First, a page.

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When Will the Super Volcano Beneath Yellowstone National Park Erupt?


Right around the first of the year swarms of earthquakes rattled Yellowstone National Park. This USGS graphic pinpoints where some of the quakes were centered.

When you fully appreciate that Yellowstone National Park is centered over one of the world's largest super volcanoes, you can't help but wonder when it might next erupt. This final installment of a USGS video series on Yellowstone touches on that question.

Now, when it comes to predicting the future, we're not so good at that. But delving into the past, that's much easier. And author Greg Breining did just that in his book, Super Volcano, the Ticking Time Bomb Beneath Yellowstone National Park. In addition to taking us along with him during a field course into Yellowstone's geology, Mr. Breining had us tag along with him to eastern Nebraska, to a spot 1,000 miles east of where the "Yellowstone hot spot" was located nearly 12 million years ago, to dramatize how incredibly powerful that hot spot can be when it blows.

In this, the third and final installment of a USGS series on Yellowstone's geothermal basement, Jake Lowenstern, the scientist-in-charge of the Yellowstone Volcano Observatory, tries to explain what is known in terms of the vigor of Yellowstone's slumbering super volcano.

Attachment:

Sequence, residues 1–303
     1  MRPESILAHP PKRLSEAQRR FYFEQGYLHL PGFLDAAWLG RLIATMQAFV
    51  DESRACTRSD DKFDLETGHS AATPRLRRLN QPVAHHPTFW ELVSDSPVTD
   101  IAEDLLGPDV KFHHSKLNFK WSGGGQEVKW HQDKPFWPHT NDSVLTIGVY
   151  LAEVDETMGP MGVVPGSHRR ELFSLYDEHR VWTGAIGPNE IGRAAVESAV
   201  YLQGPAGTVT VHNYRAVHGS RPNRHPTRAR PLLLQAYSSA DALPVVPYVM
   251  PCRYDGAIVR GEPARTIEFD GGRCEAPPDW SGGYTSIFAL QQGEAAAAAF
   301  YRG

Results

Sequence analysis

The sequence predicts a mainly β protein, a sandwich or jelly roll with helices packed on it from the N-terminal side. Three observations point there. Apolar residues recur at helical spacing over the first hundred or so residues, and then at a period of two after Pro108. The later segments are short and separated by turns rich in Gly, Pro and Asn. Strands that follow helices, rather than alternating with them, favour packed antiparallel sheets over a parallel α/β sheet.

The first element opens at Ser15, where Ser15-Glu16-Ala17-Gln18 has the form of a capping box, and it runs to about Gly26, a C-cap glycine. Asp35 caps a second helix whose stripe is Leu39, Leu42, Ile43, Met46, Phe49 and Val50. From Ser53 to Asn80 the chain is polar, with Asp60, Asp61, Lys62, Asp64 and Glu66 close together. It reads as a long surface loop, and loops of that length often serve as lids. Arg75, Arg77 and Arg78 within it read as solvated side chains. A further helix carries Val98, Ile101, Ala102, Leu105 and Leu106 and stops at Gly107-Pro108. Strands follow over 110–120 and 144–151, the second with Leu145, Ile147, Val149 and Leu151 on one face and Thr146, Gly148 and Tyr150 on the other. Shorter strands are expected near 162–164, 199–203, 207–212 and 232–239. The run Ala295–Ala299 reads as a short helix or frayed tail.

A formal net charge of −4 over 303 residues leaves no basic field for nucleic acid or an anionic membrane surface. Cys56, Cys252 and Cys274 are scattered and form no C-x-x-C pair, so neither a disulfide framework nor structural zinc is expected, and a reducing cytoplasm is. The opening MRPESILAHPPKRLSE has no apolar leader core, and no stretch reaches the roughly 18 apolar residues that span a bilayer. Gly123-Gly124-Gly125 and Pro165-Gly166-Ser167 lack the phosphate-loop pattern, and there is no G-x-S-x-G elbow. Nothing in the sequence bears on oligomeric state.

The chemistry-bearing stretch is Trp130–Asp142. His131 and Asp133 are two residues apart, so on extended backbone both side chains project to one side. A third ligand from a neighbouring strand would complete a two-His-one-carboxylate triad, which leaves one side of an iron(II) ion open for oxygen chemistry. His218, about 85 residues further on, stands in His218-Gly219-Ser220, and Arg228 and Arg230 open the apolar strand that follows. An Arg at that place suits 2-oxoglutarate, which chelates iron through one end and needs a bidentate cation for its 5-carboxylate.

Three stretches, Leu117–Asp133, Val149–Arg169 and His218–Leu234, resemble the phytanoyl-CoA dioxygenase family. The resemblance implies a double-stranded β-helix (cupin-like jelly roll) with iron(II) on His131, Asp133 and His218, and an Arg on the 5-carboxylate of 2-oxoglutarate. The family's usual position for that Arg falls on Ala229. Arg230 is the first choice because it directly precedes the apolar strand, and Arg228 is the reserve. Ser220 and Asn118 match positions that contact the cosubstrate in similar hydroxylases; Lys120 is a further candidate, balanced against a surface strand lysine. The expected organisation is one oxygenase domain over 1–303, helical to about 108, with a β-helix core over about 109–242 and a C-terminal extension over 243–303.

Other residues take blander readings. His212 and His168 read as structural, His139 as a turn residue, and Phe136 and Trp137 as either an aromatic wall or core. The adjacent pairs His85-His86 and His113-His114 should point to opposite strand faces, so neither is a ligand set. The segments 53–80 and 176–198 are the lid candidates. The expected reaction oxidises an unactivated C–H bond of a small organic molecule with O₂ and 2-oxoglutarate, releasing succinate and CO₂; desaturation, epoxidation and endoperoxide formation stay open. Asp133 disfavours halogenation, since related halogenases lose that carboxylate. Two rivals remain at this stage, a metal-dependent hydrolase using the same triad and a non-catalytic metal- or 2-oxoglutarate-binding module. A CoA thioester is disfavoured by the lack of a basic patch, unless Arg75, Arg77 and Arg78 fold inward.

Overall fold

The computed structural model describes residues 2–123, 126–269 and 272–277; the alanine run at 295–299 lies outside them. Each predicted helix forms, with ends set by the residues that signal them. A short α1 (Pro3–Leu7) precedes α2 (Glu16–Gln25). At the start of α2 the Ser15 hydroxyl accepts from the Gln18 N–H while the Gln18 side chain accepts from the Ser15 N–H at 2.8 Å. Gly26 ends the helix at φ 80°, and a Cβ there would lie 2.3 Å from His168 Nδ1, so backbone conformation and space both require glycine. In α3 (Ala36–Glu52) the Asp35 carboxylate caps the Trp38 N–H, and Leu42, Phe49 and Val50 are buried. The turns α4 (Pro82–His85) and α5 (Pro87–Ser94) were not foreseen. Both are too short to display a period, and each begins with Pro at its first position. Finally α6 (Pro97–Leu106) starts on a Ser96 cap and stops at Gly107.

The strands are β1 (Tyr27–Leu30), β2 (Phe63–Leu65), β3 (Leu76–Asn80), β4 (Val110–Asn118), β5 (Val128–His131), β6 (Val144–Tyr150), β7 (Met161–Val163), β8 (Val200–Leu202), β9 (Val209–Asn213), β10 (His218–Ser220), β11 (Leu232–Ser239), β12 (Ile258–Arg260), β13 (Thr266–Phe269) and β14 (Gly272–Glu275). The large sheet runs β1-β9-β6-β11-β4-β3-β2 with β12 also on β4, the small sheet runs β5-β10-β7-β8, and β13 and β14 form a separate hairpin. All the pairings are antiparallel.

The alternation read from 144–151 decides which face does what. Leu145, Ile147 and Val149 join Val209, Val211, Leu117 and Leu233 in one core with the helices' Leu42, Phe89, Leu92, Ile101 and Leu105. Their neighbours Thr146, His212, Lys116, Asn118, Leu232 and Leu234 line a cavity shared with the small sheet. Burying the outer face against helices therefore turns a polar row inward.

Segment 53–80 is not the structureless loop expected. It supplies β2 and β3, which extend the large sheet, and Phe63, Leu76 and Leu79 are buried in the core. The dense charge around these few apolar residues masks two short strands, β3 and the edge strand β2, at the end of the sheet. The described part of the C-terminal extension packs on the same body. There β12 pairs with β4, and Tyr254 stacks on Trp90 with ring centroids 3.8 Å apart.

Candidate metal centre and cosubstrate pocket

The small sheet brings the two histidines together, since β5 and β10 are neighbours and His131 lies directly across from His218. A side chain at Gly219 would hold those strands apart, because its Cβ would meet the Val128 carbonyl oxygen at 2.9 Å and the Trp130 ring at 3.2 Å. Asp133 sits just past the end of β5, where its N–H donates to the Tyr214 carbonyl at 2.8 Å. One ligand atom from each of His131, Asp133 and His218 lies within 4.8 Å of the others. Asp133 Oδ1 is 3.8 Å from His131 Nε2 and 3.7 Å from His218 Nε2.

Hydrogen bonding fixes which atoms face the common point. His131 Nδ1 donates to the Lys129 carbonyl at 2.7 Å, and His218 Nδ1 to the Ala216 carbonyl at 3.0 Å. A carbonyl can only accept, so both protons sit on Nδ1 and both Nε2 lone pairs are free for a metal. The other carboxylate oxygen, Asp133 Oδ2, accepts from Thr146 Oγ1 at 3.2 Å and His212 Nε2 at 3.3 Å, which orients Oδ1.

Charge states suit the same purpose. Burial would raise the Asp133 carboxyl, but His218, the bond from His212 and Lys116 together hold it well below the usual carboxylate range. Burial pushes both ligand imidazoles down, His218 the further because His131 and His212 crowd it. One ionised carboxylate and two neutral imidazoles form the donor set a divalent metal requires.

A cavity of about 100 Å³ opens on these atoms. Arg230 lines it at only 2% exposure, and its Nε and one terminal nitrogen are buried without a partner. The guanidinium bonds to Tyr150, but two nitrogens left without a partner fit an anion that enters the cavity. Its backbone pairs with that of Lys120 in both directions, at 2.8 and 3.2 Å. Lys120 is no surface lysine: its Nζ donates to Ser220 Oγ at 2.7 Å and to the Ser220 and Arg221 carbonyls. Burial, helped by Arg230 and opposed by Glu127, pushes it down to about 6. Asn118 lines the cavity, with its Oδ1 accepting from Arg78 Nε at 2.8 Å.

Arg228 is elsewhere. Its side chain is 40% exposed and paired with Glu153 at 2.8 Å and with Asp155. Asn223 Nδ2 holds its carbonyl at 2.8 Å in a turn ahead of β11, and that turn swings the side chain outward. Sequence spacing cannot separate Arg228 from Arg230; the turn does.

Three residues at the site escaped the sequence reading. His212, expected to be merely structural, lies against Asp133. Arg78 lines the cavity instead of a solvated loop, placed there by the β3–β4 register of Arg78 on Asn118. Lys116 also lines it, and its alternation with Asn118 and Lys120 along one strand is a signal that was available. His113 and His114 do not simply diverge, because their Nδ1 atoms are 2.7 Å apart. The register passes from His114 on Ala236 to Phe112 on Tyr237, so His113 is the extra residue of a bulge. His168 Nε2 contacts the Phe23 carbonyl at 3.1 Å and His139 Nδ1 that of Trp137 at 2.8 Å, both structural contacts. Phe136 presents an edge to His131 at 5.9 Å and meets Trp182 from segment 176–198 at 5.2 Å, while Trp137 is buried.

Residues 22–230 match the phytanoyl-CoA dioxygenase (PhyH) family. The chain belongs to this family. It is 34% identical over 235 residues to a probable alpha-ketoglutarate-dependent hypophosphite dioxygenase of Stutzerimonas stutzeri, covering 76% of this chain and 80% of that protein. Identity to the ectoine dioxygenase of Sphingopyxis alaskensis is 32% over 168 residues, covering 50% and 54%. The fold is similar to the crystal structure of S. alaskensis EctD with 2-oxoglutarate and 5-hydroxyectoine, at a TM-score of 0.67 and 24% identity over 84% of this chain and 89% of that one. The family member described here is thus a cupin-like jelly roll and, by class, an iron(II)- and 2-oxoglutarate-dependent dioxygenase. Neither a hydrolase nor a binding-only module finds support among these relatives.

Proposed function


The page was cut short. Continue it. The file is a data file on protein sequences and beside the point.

I'm not familiar with Breining's book, but if he claims that the Yellowstone hot spot moves (relatively to the earth surface) east to west and was in Nebraska 12 mya, then he is in contradiction with everything established about the origin of the Yellowstone volcanic activity. The usual explanation of volcanism in the Yellowstone area is that it is caused by a hot spot moving (relatively) west to east, caused the Snake River plain basalt, the Craters of the Moon eruptions over Idaho's Great Rift and moved to the Yellowstone about 650.000 years ago.

Wikipedia's graphic at is based on USGS publications that are digested at (scroll down to the hot spot chapter).

MRC, perhaps that sentence wasn't constructed as clearly as it might have been. The spot Mr. Breining went to was 1,000 miles east of Yellowstone and its hot spot. It was there that ash from a previous eruption of the Yellowstone volcano had been found.

I see - so not the hot spot was in Nebraska 12 mya but ashfall from an eruption 12 mya can still be found in Nebraska. That is certainly perfectly consistent with the established theories even though it requires a pretty big bang around that time, that sent ashfall some 1500 miles east of the plume as it was in that time frame. Thank you, Kurt, for the explanation.

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